6. The prisoners can discuss a strategy beforehand but cannot communicate in any way after keys are handed out.

What is the fewest number of days it would take for the prisoners to be sure everyone has their key? What was the strategy to achieve this?

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## Sharing Game Theory Puzzle

In this sharing game theory puzzle, 3 friends take turns taking from a jar of 1000 candies to share. For example, the 1st friend could take 500 candies, then the 2nd friend could take 400, and the 3rd friend would take the remaining 100.

No one wants to be seen as greedy, but no one wants to end up with the fewest candies either. As such, their goals are (in order of preference):

1. Do not end up with the most candies, nor the fewest candies (a tie for most or fewest also fails this condition)
2. End up with as many candies as possible

All of them are logical, rational, know each other’s goals, but cannot communicate before or during sharing. How many candies should each friend end up with?

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## The Impossible Puzzle

This puzzle was coined the “Impossible Puzzle” by Martin Gardner, a famous math and science writer that liked to create and write about math games and puzzles. The puzzle is named as such because it appears to provide insufficient information to solve, but it is in fact solvable! Read on for the puzzle and the (very difficult) solution.

There are two distinct whole numbers greater than 1, we can call them x and y (where y > x). We know the sum of x and y is no more than 100.

Sam and Prada are perfect logicians. Sam (“sum”) is told x + y and Prada (“product”) is told x * y, and both of them know all the information provided so far.

Sam and Prada have this conversation in which they truthfully deduce the numbers:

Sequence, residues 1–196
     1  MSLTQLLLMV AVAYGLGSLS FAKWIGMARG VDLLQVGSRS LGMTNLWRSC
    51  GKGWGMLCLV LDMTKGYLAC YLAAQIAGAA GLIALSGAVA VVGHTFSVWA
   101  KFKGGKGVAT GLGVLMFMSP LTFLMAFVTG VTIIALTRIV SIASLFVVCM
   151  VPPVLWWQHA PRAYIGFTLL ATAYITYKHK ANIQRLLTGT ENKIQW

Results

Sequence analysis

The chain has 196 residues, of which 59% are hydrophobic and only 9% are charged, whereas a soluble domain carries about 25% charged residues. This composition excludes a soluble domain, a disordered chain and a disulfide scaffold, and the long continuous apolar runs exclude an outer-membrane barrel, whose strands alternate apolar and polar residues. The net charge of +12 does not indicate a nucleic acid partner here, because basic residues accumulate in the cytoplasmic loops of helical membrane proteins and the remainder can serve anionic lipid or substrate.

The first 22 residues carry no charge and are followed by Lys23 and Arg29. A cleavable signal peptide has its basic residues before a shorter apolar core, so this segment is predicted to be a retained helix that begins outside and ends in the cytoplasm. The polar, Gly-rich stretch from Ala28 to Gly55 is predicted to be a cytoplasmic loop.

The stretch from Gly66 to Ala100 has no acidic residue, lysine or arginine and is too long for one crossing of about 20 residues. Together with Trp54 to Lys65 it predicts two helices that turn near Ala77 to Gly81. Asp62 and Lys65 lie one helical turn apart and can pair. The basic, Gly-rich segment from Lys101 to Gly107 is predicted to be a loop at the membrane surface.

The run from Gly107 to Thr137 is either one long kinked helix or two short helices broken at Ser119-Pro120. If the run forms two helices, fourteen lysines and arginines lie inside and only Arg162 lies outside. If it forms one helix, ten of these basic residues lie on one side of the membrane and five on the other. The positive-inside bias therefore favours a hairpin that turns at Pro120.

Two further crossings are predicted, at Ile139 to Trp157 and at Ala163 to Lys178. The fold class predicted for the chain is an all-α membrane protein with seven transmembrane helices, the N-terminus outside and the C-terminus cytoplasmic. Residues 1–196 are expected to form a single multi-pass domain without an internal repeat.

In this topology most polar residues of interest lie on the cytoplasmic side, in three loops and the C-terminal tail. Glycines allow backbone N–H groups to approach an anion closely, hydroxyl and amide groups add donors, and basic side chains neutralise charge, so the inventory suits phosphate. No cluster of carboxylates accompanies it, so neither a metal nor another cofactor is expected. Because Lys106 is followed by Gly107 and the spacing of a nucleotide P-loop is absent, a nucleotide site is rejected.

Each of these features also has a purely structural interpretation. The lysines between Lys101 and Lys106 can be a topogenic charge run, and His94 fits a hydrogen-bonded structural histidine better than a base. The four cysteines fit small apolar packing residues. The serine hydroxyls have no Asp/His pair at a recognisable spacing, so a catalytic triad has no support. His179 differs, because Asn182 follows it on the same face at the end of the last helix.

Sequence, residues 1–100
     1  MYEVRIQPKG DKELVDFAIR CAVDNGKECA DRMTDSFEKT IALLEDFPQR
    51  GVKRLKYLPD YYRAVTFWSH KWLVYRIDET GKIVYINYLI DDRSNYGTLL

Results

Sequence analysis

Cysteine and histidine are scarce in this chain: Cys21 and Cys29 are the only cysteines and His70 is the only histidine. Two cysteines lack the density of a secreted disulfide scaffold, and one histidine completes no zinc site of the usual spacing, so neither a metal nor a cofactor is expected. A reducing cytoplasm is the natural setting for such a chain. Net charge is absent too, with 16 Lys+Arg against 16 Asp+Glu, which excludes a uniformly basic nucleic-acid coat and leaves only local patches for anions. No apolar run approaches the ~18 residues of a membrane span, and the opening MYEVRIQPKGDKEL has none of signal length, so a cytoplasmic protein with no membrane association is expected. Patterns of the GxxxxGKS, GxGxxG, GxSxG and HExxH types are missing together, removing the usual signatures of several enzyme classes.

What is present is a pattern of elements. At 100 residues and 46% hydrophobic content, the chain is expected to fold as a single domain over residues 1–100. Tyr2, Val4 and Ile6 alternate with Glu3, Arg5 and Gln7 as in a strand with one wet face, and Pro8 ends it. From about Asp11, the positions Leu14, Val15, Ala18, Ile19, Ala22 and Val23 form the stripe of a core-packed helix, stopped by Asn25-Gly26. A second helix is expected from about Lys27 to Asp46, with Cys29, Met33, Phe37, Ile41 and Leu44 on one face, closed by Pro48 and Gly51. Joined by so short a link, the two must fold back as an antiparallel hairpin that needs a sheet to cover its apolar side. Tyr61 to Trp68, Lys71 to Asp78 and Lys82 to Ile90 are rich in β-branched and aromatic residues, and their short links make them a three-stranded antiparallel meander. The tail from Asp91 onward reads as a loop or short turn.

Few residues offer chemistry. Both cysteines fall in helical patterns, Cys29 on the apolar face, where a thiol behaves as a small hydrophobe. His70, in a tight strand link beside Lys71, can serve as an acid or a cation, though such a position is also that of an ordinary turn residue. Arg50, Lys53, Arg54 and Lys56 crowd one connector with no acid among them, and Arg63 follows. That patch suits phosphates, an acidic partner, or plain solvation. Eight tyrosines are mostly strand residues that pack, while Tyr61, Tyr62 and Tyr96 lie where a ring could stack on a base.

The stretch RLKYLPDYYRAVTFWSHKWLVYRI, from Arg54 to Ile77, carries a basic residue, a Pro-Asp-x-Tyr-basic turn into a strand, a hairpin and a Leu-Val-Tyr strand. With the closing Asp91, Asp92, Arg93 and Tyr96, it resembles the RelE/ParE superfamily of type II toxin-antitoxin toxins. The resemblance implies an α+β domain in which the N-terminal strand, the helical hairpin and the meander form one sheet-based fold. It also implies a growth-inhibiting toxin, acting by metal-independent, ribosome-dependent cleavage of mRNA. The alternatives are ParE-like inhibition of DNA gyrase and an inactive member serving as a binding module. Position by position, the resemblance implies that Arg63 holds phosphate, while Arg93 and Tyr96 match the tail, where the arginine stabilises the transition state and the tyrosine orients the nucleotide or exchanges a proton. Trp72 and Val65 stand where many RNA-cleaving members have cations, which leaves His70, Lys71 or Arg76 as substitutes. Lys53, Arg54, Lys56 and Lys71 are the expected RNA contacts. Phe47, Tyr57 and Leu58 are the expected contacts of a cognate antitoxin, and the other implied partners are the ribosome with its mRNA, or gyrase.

1. Sam: I know Prada does not know x and y.
2. Prada: Well now I know x and y.
3. Sam: Ah, now I also know x and y.

Can you figure out x and y using this information?

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## Lions and Sheep

On a magical island, there are 100 lions and 1 sheep, all of which can live by eating the plentiful grass on the island. Any lion that eats the sheep will magically turn into a sheep afterward, such that there will always be a sheep on the island.

Every lion would like to eat a sheep, but would much rather prefer to not be eaten (they wouldn’t mind turning into a sheep if they wouldn’t be eaten).

If all the lions act rationally and know all the other lions act rationally, how many lions will remain on the island in the end?

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## Number Deduction

A teacher gives three clever students in her class a challenge: she writes down 3 different numbers on 3 index cards, and has each student hold up one of the cards to their forehead such that they can’t see their own card but everyone else can.

She tells them each card has a different number, and that two of the numbers add up to the third number, and asks them to figure out their number without sharing the numbers they see.